| California voters are against cuts, mixed on taxes.
by Brian Leubitz
When the Republican realized that they could make some electoral gains from becoming the "Second Santa"with their tax cuts, they knew they were on to something. They didn't have to be the bad guys promoting spending cuts, and their tax cuts would somehow net just as much revenue because the magic "Laffer curve" would make everything better. And if it didn't work, well, the Democrats would have to cut spending and do the dirty work.
And, unsurprisingly, it worked. It has clearly worked in California, where Prop 13 and its anti-tax brethren have wreaked havoc on the state. For a few decades we were able to hide much of this through some huge bubbles and creative accounting, but that is a thing of the past. And so we have a huge deficit, a dysfunctional tax system, and a government that only allows cuts. What's a Republican to do to keep up his role as a second santa?
Well, blame it all on "waste, fraud, and abuse." It's a simple lie that, when repeated enough, becomes mantra to the media and, eventually, the general public. Take the latest PPIC poll and the latest finding:
Most Californians (59% adults, 55% likely voters) believe state government could cut spending and still provide the same level of services.
"There remains a strong belief that the state government could spend less and provide the same services even as Californians notice local service reductions from state spending cuts and show early support for a tax increase," says Mark Baldassare, PPIC president and CEO. (PPIC)
When the budget first got bad a few years back, perhaps there was a bit of fat to trim around the budget. Some unnecessary expenditures here and an unsuccessful program there. Not enough to fix the budget, but a few billion could be saved without fundamentally changing the role of government.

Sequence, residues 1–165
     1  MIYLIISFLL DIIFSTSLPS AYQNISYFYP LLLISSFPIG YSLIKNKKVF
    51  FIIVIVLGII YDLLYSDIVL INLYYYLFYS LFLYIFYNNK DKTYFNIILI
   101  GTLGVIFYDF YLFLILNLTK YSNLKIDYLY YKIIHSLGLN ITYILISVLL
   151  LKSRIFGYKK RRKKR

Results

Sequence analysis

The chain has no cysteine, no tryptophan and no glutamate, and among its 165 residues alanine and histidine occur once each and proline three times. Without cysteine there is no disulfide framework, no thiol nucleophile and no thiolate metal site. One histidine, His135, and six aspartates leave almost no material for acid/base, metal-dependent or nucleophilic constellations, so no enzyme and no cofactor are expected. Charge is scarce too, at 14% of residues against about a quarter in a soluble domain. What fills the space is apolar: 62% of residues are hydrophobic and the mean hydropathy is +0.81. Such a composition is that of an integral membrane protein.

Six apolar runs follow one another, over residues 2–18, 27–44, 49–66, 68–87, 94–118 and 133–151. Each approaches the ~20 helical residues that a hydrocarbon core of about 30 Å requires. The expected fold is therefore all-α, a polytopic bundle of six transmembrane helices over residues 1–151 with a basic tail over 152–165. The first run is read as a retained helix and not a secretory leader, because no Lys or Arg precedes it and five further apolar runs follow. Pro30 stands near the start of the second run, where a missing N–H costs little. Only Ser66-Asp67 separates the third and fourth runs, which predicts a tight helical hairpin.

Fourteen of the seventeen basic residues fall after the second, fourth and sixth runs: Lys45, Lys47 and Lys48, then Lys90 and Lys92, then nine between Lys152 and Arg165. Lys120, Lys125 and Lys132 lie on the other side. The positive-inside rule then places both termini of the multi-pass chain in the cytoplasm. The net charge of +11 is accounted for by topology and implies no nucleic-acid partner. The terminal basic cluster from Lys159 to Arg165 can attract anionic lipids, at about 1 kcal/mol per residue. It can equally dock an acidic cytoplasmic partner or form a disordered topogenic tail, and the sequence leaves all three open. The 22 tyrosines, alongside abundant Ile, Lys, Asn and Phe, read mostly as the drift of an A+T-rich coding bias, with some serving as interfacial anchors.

Those days are gone. Cuts to government expenditures mean direct cuts to services. There is simply no way to provide the same level of services for an ever decreasing amount of money. Go take a look at your local government offices and then compare it to the offices of your local bank corporate office. There are no fancy waterfalls and lavish breakrooms offering wide selections of Odwalla and Rice Krispies, there are just a dwindling level of state employees working ever harder to keep up. Teachers are spending large chunks of their paychecks to provide supplies for their classrooms and their students. Cuts to CalFire put firefighters in very real danger and mean more damage to California homes.
And yet, a strong majority of Californians are living in a world where we can somehow make painless cuts? Do they know of any of these painless cuts? Do the Republicans? Have they ever presented any of these so-called painless cuts?
But while 40 percent of adults and likely voters prefer closing the state's budget gap with a mix of spending cuts and tax increases-the approach Brown has proposed-similar proportions (35% adults, 41% likely voters) prefer closing it mainly through spending cuts. That being said, when read a summary, 72 percent of adults and 68 percent of likely voters favor Brown's initiative proposal.
Interestingly, the PPIC data also shows much stronger support for raising the highest income tax bracket(74% adults, 68% likely voters) than the sales tax. The sales tax is opposed by 69% of adults, 64% of likely voters. That particular question raises the specter of competing tax measures, the "Kardashian" tax and Brown's own measure. There is still a lot of time before signatures are due, and Brown has been working to shut down any other revenue measure. Whether he is successful or not will still take a while to know, but may end up dramatically changing the odds of his own measure.
While there have been efforts at public education on the budget by state politicians, it is a monstrous task, especially when there are players on the other side actively promoting misinformation. But, at every opportunity, progressives must be sure to emphasize the point that waste, fraud, and abuse is not an answer to all of our budget woes and to explain the real budget situation.